It seems an uneven swap, but most of them do. I, for one, hope the swaps all work out to everyone’s advantage. But I do question what Griner was doing in Russia. There are tremendous opportunities for women basketball players throughout Europe. And Russia, with its history of dictatorial control and poor record of human rights, I would have thought it would be at the bottom of the list. Furthermore, Griner should have known the rules of living in a place like Russia, where rights are always in jeopardy and never guaranteed.
But I do have a prisoner swap suggestion: You send us Whelan and Griner, we’ll send you Rand Paul and Jim Jordan. Deal? How about we sweeten the pot with “Moscow” Mitch McConnell?
Turning to the Sports Page: Soon after arriving in Los Angeles in the summer of 1976, I went to Dodger Stadium to see the home team play my beloved Chicago Cubs. I don’t remember much about the game, but I was taken aback by the number of attendees who played their transistor radios throughout the game.
I suppose it was the first time I’d ever heard or heard of Vin Scully, the consummate baseball broadcaster who died this past week at the age of 94. For a young man who had grown up listening to Jack Brickhouse announce Cubs games with all the enthusiasm of a Cardinal fan, Scully was pure magic. I found myself listening to Dodgers games at home and in my car. When I went to Chavez Ravine, a transistor radio I picked up at a pawn shop was my constant companion.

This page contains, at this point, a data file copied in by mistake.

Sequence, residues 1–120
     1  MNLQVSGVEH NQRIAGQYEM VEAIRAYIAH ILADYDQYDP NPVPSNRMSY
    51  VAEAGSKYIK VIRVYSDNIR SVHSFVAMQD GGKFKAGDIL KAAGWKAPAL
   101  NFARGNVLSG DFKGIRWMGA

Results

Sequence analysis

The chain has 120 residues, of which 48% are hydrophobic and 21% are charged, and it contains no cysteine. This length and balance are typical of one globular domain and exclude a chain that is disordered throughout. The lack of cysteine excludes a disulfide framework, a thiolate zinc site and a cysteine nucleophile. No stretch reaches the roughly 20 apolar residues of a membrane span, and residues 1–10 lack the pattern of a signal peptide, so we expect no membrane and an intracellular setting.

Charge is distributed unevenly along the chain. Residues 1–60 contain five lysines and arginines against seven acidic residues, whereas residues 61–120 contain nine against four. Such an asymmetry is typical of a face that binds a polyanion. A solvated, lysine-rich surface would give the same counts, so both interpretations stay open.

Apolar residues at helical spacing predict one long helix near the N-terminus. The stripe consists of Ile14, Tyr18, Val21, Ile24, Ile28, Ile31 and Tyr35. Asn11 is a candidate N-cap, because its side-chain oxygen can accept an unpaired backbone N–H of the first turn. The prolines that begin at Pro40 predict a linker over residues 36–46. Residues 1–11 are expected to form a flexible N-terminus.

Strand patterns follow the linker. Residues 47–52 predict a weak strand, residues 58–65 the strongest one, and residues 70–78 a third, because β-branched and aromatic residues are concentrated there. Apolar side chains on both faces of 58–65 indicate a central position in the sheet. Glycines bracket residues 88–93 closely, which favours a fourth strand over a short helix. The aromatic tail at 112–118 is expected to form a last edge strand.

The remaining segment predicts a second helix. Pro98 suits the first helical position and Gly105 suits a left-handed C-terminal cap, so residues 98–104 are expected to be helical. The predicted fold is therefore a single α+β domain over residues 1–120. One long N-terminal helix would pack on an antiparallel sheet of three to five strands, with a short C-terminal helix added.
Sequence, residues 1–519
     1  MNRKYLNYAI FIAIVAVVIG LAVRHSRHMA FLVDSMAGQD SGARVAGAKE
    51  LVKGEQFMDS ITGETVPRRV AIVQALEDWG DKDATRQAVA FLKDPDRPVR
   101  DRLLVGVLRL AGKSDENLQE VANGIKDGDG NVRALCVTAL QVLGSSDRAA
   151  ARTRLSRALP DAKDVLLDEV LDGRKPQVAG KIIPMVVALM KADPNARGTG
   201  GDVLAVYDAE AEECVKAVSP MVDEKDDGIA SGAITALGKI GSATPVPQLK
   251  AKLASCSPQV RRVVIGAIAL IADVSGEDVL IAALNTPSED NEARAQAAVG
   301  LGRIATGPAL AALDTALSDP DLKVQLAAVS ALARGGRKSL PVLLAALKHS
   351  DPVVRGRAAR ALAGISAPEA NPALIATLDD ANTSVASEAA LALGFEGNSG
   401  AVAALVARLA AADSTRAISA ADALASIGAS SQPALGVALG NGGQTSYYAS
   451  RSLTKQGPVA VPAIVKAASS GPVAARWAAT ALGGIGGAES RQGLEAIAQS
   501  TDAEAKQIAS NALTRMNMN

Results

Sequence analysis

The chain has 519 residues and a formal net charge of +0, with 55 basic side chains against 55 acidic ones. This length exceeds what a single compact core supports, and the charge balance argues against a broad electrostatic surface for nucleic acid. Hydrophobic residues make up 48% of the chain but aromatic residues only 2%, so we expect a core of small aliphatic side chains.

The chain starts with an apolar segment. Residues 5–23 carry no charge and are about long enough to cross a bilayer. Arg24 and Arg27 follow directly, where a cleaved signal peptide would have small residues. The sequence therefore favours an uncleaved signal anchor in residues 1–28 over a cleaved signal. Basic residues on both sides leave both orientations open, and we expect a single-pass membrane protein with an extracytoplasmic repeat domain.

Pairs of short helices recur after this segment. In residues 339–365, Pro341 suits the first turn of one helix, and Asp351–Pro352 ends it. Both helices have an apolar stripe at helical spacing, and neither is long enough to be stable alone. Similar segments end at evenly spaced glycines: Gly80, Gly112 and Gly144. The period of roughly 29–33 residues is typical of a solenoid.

Scully spent 67 seasons in the Dodgers’ broadcast booth. He was there when Jackie Robinson joined the Brooklyn Dodgers and he called three perfect games (Don Larsen, Sandy Koufax, Dennis Martinez) and 20 no-hitters. He called 25 World Series, and was in the booth when Hank Aaron hit his 715th home run, breaking Babe Ruth’s long-standing record.
“A Black man is getting a standing ovation in the Deep South for breaking a record of an all-time baseball idol,” Scully told listeners. “What a marvelous moment for baseball.”
Scully was inducted into the Baseball Hall of Fame in 1982, received a star on the Hollywood Walk of Fame that year and had the stadium’s press box named for him in 2001. In 2016, he received the Presidential Medal of Freedom from President Barack Obama.
I last went to a Dodgers’ game in 1999. My radio was long lost, but my son Daniel was with me. There were plenty of fans around us with radios so we could hear Vin Scully work his magic as the game played out.
Thanks for calling the games with class, style and unbounded expertise. I enjoyed every one of them.
Photo illustration by Courtney A. Liska
Ham in Cider (Jambon braisé au cidre)
4 thick slices of smoked cooked ham
3 shallots, chopped
1 cup apple cider
1/2 cup fresh cream
4 Tbs. unsalted butter
Pepper to taste
Melt the butter in a saute pan. Add the shallots and cook for 2-3 minutes.
Add the ham slices and brown slightly. Pour in the cider and leave to reduce slightly.
Add the cream and simmer for 10 minutes.
Serve ham with sauce, boiled potatoes with parsley, peas and some crusty bread.